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posted 2009-05-04
Here we go... Mexican Elections Race
The political campaigns started on May 3, 2009 with the participation of 8 political parties. An electorate of 77´829,453 people will vote on July 5, 2009 to renovate the 500 seats of the Chamber of Deputies Cámara de Diputados.


 





Overview of the Mexican elections in 2009

February 23, 2009. 08:48

The Mexican voters between hope and uncertainty

Practically the whole year of 2009 is going to be hectic in political and electoral terms for the majority of Mexicans. The Low Chamber (Cámara de Diputados) of the federal congress is going to be renovated on July 5, 2009. This chamber is composed by a mixed system of 300 congressmen/women on behalf of each majority district spread along the country, and 200 more representatives through the formula of proportional representation distributed in five large national circumscriptions or regions.

In addition to this, six states will hold elections where governors will be renovated: the northern states of Nuevo León and Sonora; the western state of Colima; the central states of San Luis Potosí and Querétaro; and the southern state of Campeche. Most of these entities have substantial relevance not only in political terms but for the Mexican economy as well. Alongside the governors’ elections, these states will elect the representatives of their local congresses and the totality of their municipalities (cities and towns mayors). In a similar case are the central states of México, Guanajuato and Morelos, and the western state of Jalisco where the local congresses and municipalities will be renovated. Finally, México City will hold elections to renew its legislative assembly (local congress) and its 16 boroughs (delegaciones políticas).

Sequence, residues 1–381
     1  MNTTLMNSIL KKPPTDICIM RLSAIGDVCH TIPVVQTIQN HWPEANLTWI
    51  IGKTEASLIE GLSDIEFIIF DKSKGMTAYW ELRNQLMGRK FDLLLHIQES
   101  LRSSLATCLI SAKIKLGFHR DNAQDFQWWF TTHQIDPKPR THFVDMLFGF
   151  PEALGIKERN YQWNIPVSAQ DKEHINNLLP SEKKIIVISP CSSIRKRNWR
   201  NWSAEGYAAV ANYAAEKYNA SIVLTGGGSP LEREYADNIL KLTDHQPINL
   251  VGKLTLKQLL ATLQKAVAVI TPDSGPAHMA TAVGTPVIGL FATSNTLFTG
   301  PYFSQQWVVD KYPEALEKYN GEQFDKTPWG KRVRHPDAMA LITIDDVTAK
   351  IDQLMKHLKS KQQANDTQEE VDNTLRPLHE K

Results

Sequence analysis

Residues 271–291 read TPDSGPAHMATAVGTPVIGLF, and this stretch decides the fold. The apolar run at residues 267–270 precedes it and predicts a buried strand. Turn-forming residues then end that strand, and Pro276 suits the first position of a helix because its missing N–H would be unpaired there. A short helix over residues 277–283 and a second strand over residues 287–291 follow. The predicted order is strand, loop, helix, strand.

To sum up, besides 500 federal congressmen/women, 6 governor, 606 city mayors, 11 local congresses, 16 boroughs, and México City’s assembly will be at stake on July 5th. Later on this year, on October 18th the southern state of Tabasco and the northern state of Coahuila will hold elections to renovate their local congress and municipalities.

Hence, taking into account that the states of México, Jalisco, Nuevo Leon, and México City are within the five most populated States of the Country (missing only the State of Veracruz), almost half of the Mexicans will be deciding among 8 national political parties and theirs candidates for local and nationwide offices, whereas the other half of the population will be choosing only members of the national lower chamber.

This striking scenario of political competition has brought important readjustments in the national political arena; political parties are getting ready to fight each one of the positions in dispute. Yet again, since 1997 where PRI lost the “absolute” majority in the lower chamber (50%+1 of the seats), the story seems to be the same; national surveys shows no clear tendency to any of the three main parties (PAN, PRD & PRI).